Journal of Moral Philosophy 3 (1):23-43 (2006)

Abstract
In Political Liberalism, Rawls emphasizes the practical character and aims of his conception of justice. Justice as fairness is to provide the basis of a reasoned, informed and willing political agreement by locating grounds for consensus in the fundamental ideas and values of the political culture. Critics urge, however, that such a politically liberal conception of justice will be designed merely to ensure the stability of political institutions by appealing to the currently-held opinions of actual citizens. In order to evaluate this concern, I suggest, it is necessary to focus on the normative character of Rawls's analysis. Rawls argues that justice as fairness is the conception of justice that citizens of modern democratic cultures should choose in reflective equilibrium, after reflecting fully upon their considered judgments regarding justice. Since judgments in reflective equilibrium are grounded in considered judgment, rather than situated opinions, I argue that the criticism fails. Key Words: justification • objectivity • political liberalism • Rawls • reflective equilibrium.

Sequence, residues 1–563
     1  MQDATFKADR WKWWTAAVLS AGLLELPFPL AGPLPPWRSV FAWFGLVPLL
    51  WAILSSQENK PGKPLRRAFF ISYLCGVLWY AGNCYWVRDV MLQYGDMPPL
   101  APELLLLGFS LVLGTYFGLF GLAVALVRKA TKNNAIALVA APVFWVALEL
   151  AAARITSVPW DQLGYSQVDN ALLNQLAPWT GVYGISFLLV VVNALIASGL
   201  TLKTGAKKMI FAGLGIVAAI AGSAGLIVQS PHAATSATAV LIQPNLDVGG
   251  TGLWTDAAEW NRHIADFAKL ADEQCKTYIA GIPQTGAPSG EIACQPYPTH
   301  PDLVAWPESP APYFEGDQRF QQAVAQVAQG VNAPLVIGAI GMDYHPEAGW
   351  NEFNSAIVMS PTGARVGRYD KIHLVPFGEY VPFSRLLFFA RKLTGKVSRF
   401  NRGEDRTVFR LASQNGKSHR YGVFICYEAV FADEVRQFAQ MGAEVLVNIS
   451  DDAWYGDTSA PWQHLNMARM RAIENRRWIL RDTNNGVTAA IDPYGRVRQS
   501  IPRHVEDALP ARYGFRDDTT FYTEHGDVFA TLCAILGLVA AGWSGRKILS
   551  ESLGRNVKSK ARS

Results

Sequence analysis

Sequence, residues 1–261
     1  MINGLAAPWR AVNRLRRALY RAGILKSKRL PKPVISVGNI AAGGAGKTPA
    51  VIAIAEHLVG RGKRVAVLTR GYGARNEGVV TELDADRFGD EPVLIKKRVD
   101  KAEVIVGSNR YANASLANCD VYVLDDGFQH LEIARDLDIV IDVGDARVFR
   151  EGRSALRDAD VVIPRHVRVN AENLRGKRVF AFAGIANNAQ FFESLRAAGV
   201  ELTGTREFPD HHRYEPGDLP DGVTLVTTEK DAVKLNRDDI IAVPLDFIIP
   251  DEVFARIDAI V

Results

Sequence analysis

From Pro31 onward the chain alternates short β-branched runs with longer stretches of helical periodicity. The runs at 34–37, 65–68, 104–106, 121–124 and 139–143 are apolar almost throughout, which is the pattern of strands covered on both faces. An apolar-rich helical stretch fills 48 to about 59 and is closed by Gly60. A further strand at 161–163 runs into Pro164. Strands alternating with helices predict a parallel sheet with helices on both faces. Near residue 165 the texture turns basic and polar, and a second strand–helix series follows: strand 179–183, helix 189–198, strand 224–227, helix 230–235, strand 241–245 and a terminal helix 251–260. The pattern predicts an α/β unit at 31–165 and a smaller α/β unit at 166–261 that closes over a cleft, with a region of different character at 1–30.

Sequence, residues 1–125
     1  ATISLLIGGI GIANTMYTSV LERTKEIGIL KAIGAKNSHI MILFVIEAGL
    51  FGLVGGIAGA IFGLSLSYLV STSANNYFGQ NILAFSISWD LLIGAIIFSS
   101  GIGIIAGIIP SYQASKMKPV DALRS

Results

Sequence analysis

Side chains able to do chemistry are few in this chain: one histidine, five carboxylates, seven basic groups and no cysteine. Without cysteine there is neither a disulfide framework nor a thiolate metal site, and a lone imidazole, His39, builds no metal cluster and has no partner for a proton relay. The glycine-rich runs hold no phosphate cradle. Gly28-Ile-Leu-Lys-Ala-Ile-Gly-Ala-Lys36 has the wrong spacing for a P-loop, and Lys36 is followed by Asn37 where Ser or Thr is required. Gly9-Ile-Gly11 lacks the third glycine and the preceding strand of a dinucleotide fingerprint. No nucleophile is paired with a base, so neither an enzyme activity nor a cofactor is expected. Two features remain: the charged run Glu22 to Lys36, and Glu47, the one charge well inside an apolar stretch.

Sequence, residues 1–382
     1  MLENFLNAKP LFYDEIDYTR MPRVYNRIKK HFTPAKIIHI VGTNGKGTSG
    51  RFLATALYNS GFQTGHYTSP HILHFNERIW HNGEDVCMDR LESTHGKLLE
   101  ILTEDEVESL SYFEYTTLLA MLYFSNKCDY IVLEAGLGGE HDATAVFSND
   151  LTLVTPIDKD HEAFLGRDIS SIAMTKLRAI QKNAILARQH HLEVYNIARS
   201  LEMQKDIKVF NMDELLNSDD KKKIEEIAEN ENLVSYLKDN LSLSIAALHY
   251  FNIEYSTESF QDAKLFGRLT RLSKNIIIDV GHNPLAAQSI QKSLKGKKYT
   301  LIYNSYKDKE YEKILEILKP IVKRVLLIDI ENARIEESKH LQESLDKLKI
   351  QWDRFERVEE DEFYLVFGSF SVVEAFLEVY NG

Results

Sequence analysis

Keywords objectivity   reflective equilibrium   political liberalism   justification   Rawls
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DOI 10.1177/1740468106063281
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Justice as Fairness: Political Not Metaphysical.John Rawls - 1985 - Philosophy and Public Affairs 14 (3):223-251.
The Independence of Moral Theory.John Rawls - 1974 - Proceedings and Addresses of the American Philosophical Association 48:5 - 22.
Facing Diversity: The Case of Epistemic Abstinence.Joseph Raz - 1990 - Philosophy and Public Affairs 19 (1):3-46.
Cross-Purposes: The Liberal-Communitarian Debate.Charles Taylor - 2003 - In Derek Matravers & Jonathan E. Pike (eds.), Debates in Contemporary Political Philosophy: An Anthology. Routledge, in Association with the Open University.

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